A string of planets in our solar system sparkles in photos from 3 different sun probes

NASA's Parker Solar Probe spotted six different planets on June 7, 2020, with the sun out of frame to the left. (Image credit: NASA/Johns Hopkins APL/Naval Research Laboratory/Guillermo Stenborg and Brendan Gallagher)

Turns out sungazing is not the only thing NASA's solar spacecraft do.

Three missions that focus on the activities of our nearest star — Parker Solar Probe, the Solar and Terrestrial Relations Observatory (STEREO) and Solar Orbiter (a partnership with the European Space Agency) — have captured some incredible images showing several worlds in our solar system.

These spacecraft are flying in different areas of our neighborhood on a quest to understand solar phenomena such as the extreme heat of the sun's outer atmosphere, the distribution of dust in our solar system or the production of the solar wind — the constant stream of particles coming from our sun. But each spacecraft caught amazing views of planets that NASA's Goddard Space Flight Center in Maryland shared in a recent press release

Solar Orbiter 

This joint mission with ESA will eventually leave the plane of the solar system to study the sun's poles. The spacecraft first transmitted test images in July 2020, about five months after its launch

On Nov. 18 came a particularly stunning image, when Solar Orbiter captured three planets in the same view. From left to right, you can see Venus (which appears exceedingly bright as the sun bounces off the planet's clouds), Uranus, Earth and Mars. The sun is just out of the image view on the right-hand side of the frame. 

Solar Orbiter was roughly 155.7 million miles (250.6 million kilometers) away from Earth when the data was transmitted, which is a little less than twice the distance from the sun to Earth, or two astronomical units (AU). A single AU is roughly 93 million miles (150 million km).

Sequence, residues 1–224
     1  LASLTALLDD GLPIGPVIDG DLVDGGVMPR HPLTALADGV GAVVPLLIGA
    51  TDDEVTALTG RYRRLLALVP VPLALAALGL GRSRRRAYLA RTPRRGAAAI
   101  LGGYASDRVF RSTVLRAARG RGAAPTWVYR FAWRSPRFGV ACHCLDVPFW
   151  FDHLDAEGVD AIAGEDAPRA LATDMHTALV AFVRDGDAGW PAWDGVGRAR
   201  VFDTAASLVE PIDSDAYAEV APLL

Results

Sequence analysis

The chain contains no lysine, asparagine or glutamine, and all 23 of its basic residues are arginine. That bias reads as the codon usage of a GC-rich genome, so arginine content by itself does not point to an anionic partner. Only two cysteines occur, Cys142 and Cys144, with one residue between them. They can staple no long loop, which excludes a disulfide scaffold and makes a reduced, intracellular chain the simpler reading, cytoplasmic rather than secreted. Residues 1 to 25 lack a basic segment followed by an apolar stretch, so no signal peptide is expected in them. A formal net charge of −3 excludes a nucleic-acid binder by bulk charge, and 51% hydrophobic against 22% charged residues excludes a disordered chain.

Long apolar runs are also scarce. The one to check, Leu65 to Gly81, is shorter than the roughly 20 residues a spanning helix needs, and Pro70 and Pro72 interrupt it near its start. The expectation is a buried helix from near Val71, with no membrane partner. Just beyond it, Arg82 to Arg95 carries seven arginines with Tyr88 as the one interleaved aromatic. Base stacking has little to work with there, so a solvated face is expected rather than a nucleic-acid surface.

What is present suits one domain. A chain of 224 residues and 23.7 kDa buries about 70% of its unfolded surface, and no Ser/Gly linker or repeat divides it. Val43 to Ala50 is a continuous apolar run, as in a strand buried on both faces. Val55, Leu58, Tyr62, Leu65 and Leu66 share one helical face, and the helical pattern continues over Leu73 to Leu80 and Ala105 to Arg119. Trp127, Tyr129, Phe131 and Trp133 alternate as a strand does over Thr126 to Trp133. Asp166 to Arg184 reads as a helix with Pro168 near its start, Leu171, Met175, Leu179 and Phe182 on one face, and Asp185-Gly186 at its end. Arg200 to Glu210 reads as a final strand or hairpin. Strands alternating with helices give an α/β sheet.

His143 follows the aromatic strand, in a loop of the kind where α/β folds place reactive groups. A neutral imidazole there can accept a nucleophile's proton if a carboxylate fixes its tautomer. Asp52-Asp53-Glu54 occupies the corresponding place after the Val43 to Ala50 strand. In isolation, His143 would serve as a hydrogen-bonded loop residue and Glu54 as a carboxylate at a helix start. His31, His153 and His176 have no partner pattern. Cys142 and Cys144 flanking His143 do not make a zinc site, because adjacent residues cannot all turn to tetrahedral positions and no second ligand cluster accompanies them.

Parker Solar Probe 

NASA's Parker Solar Probe will fly closer to the sun than any other spacecraft to date as it tries to capture the "origin story" of the solar wind. In this incredible wide-field image of June 7, 2020 (days before a close approach to the sun), it imaged six of our solar system's planets. 

From left to right, they are Mars, Saturn, Jupiter, Venus, Earth and Mercury. The spacecraft was roughly one AU from Earth at imaging time, at 98.3 million miles (158 million kilometers).


NASA's STEREO spacecraft spotted six planets on June 7, 2020. (Image credit: NASA/STEREO/HI)

The single operational STEREO spacecraft — one of a pair that circled the sun behind and ahead of Earth in our planet's approximate orbit starting in 2014 — also gazed at the planets on June 7, 2020. In this image you can see the same six planets as Parker on the same date, but from a different vantage point in the solar system. 

From left to right appear Mercury, Mars, Venus, Earth, Saturn and Jupiter. The dark columns in the image are due to the detector being saturated, which is a combination of the long exposure time with the relative brightness of the planets compared to the background stars, according to NASA. 

STEREO's normal mission is to study the sun's outer atmosphere, or corona, along with the solar wind, to improve solar weather predictions.

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Elizabeth Howell
Staff Writer, Spaceflight

Elizabeth Howell (she/her), Ph.D., is a staff writer in the spaceflight channel since 2022 covering diversity, education and gaming as well. She was contributing writer for Space.com for 10 years before joining full-time. Elizabeth's reporting includes multiple exclusives with the White House and Office of the Vice-President of the United States, an exclusive conversation with aspiring space tourist (and NSYNC bassist) Lance Bass, speaking several times with the International Space Station, witnessing five human spaceflight launches on two continents, flying parabolic, working inside a spacesuit, and participating in a simulated Mars mission. Her latest book, "Why Am I Taller?", is co-written with astronaut Dave Williams. Elizabeth holds a Ph.D. and M.Sc. in Space Studies from the University of North Dakota, a Bachelor of Journalism from Canada's Carleton University and a Bachelor of History from Canada's Athabasca University. Elizabeth is also a post-secondary instructor in communications and science at several institutions since 2015; her experience includes developing and teaching an astronomy course at Canada's Algonquin College (with Indigenous content as well) to more than 1,000 students since 2020. Elizabeth first got interested in space after watching the movie Apollo 13 in 1996, and still wants to be an astronaut someday. Mastodon: https://qoto.org/@howellspace